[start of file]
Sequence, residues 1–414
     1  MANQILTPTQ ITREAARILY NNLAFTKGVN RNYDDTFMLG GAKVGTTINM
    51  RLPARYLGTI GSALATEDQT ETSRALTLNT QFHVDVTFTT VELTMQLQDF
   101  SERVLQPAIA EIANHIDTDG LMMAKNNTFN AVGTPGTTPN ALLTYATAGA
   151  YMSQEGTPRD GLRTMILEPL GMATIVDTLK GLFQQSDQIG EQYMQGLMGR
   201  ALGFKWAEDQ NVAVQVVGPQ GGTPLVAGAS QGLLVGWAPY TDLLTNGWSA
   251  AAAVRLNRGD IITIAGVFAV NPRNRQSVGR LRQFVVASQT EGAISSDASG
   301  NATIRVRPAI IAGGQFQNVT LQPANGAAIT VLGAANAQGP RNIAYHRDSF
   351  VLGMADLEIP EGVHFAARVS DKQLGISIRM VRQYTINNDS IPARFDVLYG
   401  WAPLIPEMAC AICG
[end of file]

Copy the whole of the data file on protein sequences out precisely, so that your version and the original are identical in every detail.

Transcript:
Sequence, residues 1–414
     1  MANQILTPTQ ITREAARILY NNLAFTKGVN RNYDDTFMLG GAKVGTTINM
    51  RLPARYLGTI GSALATEDQT ETSRALTLNT QFHVDVTFTT VELTMQLQDF
   101  SERVLQPAIA EIANHIDTDG LMMAKNNTFN AVGTPGTTPN ALLTYATAGA
   151  YMSQEGTPRD GLRTMILEPL GMATIVDTLK GLFQQSDQIG EQYMQGLMGR
   201  ALGFKWAEDQ NVAVQVVGPQ GGTPLVAGAS QGLLVGWAPY TDLLTNGWSA
   251  AAAVRLNRGD IITIAGVFAV NPRNRQSVGR LRQFVVASQT EGAISSDASG
   301  NATIRVRPAI IAGGQFQNVT LQPANGAAIT VLGAANAQGP RNIAYHRDSF
   351  VLGMADLEIP EGVHFAARVS DKQLGISIRM VRQYTINNDS IPARFDVLYG
   401  WAPLIPEMAC AICG